Poetry by Claudia Cardona

What It’s Like (Being a Brown Girl)


A bruised peach in the back of a fridge.
An invitation to a seat at the table
that’s taken by someone else.
Words too hard to pull out of your throat.
A burnt tongue from gas station coffee.
A book with its rainwater soaked pages.
Beer bottle glass swept away at a bar.
Spitting out Corpus Christi seawater.
The name on a tombstone
covered in crunchy leaves.



A name dipped in gold.
A silent field of sun stained grass
where you wait for the moon to shine.
The clink of glass against glass,
celebrating the life you’ve been given.
Putting your ear to your lover’s
chest for the first time.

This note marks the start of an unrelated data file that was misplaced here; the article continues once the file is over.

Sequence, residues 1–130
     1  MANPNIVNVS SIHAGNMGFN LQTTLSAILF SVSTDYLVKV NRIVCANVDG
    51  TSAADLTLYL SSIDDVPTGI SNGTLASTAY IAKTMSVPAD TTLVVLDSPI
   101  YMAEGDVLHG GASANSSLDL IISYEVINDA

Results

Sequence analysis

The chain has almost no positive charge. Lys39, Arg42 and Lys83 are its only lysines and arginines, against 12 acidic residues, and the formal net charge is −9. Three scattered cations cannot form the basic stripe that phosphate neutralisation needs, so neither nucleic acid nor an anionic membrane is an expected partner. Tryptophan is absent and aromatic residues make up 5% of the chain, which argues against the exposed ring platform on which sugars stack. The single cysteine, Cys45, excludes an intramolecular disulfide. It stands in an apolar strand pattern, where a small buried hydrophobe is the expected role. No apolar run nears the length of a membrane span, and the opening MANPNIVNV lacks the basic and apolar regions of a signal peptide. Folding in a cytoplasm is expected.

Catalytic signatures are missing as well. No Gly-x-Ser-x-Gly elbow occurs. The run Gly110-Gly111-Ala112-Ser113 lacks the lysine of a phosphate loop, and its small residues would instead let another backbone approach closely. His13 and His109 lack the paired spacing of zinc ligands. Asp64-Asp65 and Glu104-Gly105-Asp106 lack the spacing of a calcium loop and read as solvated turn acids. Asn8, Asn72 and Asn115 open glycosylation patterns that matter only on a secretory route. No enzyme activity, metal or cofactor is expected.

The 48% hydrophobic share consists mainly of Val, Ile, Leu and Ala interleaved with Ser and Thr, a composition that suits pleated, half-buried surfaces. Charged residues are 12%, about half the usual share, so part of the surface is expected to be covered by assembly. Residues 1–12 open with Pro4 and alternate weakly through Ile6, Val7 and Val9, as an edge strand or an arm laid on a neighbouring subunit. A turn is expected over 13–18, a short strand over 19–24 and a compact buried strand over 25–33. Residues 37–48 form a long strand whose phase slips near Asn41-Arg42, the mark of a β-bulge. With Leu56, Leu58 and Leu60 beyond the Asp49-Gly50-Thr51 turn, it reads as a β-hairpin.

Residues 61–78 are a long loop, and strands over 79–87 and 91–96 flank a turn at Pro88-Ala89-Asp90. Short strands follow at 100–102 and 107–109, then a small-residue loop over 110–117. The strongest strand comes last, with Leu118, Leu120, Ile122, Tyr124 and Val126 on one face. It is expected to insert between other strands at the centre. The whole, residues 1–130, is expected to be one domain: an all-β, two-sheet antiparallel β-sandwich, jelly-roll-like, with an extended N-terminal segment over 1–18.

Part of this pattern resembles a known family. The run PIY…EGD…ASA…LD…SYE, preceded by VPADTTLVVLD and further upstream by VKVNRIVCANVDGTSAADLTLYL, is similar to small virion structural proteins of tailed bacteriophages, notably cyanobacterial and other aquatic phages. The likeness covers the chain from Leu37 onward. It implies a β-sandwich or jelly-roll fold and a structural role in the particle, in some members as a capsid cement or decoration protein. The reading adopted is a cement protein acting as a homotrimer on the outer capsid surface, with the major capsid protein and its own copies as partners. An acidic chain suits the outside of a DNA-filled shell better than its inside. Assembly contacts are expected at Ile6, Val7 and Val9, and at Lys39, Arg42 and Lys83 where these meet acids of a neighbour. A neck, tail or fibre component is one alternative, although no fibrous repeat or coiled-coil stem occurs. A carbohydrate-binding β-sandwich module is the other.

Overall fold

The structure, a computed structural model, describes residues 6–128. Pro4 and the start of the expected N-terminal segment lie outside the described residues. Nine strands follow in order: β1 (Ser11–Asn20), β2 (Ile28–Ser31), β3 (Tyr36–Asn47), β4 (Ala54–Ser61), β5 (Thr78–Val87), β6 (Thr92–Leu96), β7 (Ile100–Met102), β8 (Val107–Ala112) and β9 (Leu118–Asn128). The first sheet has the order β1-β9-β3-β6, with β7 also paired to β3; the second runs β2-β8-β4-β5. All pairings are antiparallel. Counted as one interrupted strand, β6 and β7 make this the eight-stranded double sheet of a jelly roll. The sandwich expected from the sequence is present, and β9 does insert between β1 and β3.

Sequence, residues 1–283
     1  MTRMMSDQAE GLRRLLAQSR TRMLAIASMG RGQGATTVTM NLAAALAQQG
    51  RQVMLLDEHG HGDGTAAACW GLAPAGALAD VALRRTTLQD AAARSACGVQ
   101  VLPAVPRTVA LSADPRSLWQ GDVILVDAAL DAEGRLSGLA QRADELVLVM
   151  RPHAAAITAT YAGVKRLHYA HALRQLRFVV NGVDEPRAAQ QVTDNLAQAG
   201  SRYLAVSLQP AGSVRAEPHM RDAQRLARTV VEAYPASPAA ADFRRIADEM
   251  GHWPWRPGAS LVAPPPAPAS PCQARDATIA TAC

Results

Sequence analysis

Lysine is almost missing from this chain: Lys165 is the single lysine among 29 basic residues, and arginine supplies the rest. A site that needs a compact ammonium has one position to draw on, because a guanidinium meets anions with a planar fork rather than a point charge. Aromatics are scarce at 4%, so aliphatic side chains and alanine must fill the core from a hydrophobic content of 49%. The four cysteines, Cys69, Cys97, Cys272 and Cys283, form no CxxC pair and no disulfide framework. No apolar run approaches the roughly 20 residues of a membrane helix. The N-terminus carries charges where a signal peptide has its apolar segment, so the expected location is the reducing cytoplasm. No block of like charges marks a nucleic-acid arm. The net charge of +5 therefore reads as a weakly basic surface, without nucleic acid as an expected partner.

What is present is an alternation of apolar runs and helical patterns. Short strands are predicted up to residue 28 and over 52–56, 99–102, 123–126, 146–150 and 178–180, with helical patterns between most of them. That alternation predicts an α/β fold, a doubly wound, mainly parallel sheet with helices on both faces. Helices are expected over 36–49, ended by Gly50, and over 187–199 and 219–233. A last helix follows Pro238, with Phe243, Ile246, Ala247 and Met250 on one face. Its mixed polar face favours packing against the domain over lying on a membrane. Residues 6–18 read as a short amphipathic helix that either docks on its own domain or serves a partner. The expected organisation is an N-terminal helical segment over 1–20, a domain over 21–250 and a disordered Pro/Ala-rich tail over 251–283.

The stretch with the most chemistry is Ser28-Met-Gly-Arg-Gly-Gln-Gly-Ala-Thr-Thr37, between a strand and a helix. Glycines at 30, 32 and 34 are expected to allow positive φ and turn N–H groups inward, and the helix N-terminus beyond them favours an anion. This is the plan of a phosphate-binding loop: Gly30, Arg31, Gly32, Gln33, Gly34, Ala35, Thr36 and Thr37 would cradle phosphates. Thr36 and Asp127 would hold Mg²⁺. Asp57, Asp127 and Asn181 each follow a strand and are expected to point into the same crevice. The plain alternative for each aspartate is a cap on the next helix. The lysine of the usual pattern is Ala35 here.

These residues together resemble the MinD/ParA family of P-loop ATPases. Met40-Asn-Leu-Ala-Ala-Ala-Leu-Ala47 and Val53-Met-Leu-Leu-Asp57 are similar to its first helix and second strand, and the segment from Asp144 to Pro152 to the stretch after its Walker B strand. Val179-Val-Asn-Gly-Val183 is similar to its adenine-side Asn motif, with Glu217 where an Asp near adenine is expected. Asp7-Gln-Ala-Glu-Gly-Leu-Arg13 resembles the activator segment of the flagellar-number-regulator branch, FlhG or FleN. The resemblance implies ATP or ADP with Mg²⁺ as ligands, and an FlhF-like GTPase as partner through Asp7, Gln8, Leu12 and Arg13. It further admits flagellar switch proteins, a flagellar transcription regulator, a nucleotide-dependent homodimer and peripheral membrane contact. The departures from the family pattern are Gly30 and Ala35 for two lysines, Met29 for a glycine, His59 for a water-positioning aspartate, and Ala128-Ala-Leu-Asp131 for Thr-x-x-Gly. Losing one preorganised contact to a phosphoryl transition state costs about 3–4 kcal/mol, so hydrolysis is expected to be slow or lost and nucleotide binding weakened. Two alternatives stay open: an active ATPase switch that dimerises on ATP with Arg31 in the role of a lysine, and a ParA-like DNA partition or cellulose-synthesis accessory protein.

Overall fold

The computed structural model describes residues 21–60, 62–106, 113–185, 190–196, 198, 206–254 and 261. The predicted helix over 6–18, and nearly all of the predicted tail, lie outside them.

Counting your futures
on each leaf of the front lawn peach tree.
The sound of your mother’s
laugh dancing from the living room.

    Related Posts

    An image of poet Tiana Nobile, a Korean adoptee writer with a sidecut, short hair with blonde tips, and a yellow bandana around her neck. Next to her is the cover of her book, Cleave, which is all white and features a black and white image of a split egg.
    Tender Excavations: Retelling Origin Stories in Adoption Narratives
    Call for Staff: We’re Seeking a Social Media Editor
    Celebrate Poetry Month with Apogee!

    Leave a Reply